By Claire West

Events such as the financial crisis and the Gulf of Mexico oil spill have boosted the importance of good strategic risk management. But companies that take a genuinely strategic approach to their risk management remain few and far between, according to the findings of a new report. Fall guys: Risk management in the front line, published by the Economist Intelligence Unit.

The report, sponsored by ACE and KPMG, finds that although risk management is currently enjoying an unprecedented level of authority and visibility, appetite for investment in risk is limited. Communication between risk functions and the broader business can sometimes be fragmented, while an enterprise-wide culture and awareness of risk can be difficult to achieve.

To assess the current state of this transition, the Economist Intelligence Unit conducted a global survey of senior executives, from both the risk function and general management. This report presents the highlights of those survey findings, along with related additional insights drawn from interviews with industry experts and commentators.

Key findings from this research include:

•Many companies have still not grasped strategic risk management. Senior executives regard the identification of new and emerging risks — such as weak demand and market volatility — as the key goal of risk management. But just 35% say that their company is effective at anticipating and measuring emerging risks.

•Only a minority of companies involve risk functions in key business decisions. Risk managers have long hoped to play a more prominent role in strategic decision-making, but our survey suggests that this aspiration is still unfulfilled. Few companies even expect risk functions to play a support role in decision-making, with just 41% saying they expect risk managers to provide analysis to help management set corporate strategy.

•Risk managers want to spend more time on the constructive aspects of the role. The risk function needs to spend more time on the “enabling” aspects of the role, such as helping business managers to achieve their business objectives. Currently, though, the lion’s share of the risk function’s attention is dedicated to “preventative” activities, such as controls and monitoring.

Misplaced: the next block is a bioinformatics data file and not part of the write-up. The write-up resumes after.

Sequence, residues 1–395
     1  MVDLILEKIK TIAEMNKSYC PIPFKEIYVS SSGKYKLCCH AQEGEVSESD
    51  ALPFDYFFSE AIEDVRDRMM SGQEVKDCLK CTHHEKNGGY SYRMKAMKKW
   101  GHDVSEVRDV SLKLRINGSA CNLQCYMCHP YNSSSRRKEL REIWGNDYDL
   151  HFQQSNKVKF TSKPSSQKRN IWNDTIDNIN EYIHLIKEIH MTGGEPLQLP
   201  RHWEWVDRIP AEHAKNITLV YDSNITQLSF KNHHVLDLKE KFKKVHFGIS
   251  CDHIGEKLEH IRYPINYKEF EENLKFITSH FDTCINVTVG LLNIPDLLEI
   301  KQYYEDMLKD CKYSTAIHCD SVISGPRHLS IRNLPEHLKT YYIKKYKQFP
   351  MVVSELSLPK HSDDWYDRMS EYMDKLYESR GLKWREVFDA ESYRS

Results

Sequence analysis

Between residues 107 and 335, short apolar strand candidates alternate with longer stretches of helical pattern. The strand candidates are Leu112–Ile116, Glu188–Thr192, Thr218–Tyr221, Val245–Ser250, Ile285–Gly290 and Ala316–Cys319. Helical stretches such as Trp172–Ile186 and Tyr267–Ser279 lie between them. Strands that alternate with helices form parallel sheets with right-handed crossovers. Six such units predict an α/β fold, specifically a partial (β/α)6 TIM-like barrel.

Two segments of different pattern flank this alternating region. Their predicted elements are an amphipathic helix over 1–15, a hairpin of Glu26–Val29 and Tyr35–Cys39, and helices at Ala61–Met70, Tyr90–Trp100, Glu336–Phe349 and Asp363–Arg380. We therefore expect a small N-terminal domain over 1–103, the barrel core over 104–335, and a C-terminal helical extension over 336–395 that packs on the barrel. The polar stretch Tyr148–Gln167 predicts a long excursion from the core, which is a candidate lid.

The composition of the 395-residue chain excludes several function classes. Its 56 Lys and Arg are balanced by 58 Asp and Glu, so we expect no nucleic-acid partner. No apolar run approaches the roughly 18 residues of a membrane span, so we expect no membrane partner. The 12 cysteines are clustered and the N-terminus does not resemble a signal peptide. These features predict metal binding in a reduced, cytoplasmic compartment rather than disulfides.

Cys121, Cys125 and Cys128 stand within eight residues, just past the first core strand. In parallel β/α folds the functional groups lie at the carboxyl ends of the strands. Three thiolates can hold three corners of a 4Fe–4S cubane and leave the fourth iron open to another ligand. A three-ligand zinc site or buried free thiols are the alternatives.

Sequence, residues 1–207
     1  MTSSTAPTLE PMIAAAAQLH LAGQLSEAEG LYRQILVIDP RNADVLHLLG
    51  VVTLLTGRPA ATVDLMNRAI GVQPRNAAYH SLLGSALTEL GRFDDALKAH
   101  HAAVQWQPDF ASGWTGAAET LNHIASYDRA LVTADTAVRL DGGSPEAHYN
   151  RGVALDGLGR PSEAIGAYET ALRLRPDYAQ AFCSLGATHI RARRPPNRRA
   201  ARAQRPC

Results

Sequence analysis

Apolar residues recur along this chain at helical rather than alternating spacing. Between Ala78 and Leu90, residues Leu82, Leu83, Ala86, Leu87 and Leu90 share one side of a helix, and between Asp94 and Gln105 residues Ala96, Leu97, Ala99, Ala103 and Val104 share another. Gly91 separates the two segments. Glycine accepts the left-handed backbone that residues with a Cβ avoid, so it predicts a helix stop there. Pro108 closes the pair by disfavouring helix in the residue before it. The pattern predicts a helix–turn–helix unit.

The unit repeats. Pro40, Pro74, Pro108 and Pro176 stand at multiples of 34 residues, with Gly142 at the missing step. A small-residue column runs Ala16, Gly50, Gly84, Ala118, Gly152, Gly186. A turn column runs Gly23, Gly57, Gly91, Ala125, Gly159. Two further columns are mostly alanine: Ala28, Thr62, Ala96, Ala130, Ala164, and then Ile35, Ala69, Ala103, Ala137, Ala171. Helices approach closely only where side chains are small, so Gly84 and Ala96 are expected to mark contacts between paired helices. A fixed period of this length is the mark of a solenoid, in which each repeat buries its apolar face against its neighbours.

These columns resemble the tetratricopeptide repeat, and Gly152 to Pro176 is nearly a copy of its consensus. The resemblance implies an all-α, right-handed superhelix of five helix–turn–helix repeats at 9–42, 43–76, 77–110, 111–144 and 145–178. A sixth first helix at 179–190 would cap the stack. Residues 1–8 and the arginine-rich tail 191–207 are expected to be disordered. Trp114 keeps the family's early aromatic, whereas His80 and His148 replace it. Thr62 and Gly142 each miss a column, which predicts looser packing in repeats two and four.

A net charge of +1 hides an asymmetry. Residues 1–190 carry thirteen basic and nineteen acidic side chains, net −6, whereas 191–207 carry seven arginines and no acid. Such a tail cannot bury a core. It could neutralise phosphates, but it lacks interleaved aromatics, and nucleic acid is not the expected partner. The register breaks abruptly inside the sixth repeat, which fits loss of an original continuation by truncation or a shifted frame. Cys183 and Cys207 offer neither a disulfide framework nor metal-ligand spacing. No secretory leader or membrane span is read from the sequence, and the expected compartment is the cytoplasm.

•There is limited appetite for investment in risk. Despite rising to greater prominence in many companies, risk management has not generally attracted significant financial investment over the past year. Less than one-half of companies have invested in risk processes, while less than one-quarter have allocated funds to headcount or training of managers in the central risk function.

•Risk functions have increased in authority, but there is a danger that this will not be a permanent change. The financial crisis has placed risk management under the spotlight. Just over one-half of the survey respondents believe that risk management has increased in authority as a result of the downturn–but a similar number agree that the authority of risk management will inevitably decline when the good times return.

•There are doubts about non-executive directors' risk expertise. The board plays a crucial role in setting the tone from the top and instilling a broader culture of risk awareness in the business. However, although confidence levels in the knowledge of executive management are reasonably high, many respondents worry that the technical risk knowledge of non-executive directors is lacking.

"In the wake of the financial crisis, there were plenty of stories about risk managers whose legitimate concerns about the business were ignored and regarded as a brake on growth," said Iain Scott, senior editor at the Economist Intelligence Unit. "Three years on, the incentive to ensure that there is a clear and consistent approach to managing risk across the enterprise has never been greater. But while strategic risks dominate companies' concerns about the year ahead, many clearly find it difficult to link risk management with overall company strategy. Often, the barriers to effective strategic risk management appear to be corporate culture and poor communication."